The hand at the end is meant as an “oops, guess it wasn’t permanent after all” note, I assume. The first Gameboy game has a similar ending, where we see Dracula in bat form fly out of the castle ruins after the credit roll.

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  14. The character who visit Dracula’s grave is definitely Simon.

    You can’t be absolutely sure with such severe engrish but in my mind there’s no question about it that the text displayed at the normal ending was meant for the bad ending and vice versa. And I personally think that’s about it.

    The text for the good ending is also the only one where it states Simon put an “eternal” end to Dracula so it seems fitting.

    I can understand where some may see the good ending actually being a bad one with the hand that reaches up from Dracula’s grave at the end. But it’s just a secret reward for finishing the game under “seven days.” An easter egg or sequel hook – “pure evil never dies.” The basic horror movie cliche. That’s my interpretation of it.

    It should also be noted that Dracula is already dead in this game, you are only fighting his spirit at the end in order to get rid of his curse on Simon and Transylvania. When it says, “But on account of the injury suffered during the battle, Simmon Belmont passed away.” They of course refer to the battle in the first game – Dracula’s curse on Simon. Unfortunately you took too long to finish the game so Simon didn’t make it.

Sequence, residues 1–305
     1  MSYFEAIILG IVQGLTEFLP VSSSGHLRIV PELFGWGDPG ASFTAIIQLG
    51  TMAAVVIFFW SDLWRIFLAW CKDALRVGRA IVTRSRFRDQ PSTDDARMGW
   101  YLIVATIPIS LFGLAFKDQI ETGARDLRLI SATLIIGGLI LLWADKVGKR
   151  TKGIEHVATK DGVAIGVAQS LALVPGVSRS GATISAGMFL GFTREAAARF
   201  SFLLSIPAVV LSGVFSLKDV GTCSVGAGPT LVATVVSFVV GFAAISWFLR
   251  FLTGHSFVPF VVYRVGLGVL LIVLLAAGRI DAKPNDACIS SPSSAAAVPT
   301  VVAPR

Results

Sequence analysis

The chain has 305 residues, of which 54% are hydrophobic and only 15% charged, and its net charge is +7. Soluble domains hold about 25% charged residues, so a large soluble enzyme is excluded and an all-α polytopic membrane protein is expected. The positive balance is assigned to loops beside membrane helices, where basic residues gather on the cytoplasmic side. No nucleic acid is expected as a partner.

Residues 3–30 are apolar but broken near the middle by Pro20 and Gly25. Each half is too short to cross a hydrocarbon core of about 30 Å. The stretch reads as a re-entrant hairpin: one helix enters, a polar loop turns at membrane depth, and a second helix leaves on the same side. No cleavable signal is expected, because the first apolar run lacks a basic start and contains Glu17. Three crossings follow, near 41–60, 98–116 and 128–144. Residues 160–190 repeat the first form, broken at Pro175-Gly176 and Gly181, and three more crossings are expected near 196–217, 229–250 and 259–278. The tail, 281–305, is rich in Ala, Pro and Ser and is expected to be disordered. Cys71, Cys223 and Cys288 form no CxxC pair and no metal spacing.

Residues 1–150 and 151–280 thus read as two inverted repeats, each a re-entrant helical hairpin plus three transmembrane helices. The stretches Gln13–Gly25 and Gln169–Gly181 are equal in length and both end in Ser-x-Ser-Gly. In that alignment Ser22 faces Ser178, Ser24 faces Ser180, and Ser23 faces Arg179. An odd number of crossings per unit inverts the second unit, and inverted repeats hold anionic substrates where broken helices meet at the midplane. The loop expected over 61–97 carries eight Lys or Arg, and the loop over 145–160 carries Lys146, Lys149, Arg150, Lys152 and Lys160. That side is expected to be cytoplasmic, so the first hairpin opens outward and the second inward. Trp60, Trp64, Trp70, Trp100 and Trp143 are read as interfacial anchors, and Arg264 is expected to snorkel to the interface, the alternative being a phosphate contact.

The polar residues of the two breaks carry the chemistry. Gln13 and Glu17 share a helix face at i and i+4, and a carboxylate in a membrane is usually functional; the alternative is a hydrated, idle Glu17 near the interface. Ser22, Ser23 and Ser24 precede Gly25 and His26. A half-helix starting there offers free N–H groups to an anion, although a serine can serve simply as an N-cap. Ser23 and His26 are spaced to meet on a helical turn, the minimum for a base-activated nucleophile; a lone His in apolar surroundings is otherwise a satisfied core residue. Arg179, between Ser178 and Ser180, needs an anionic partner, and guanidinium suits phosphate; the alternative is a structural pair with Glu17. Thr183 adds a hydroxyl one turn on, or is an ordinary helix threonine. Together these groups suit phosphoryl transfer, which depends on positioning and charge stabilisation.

I think in retrospect, the perfect title for this game would’ve been Dracula’s Curse, but instead they named the prequel that instead.

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  15. “You’re such a great resource, thanks a billion!”

    You’re welcome 😛

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  16. Well, Simmon might have suffered with his wounds for a while before dying in a hospital bed. That scene in the normal ending could be when he was still alive. I don’t know, I just made it up.

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  17. My interpretation is that in the better two endings he remained alive long enough to be at the grave and then died later on. While in the bad he just died right away so he couldn’t visit the grave in the first place.

    I don’t know why is the bad ending text positive about it, though, and the middle implying everything ended worse.

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  18. “His blood and sweat have penetrated the earth and will induce magic & happiness for those who walk on this land.”

    I took that as simply being a figure of speech, as “blood and sweat” is usually a way to describe the hard work one puts into their tasks.

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  19. I think that the text is mixed up between bad and normal endings,
    while the picture and cutscene is mixed up between good and normal endings.

    Reply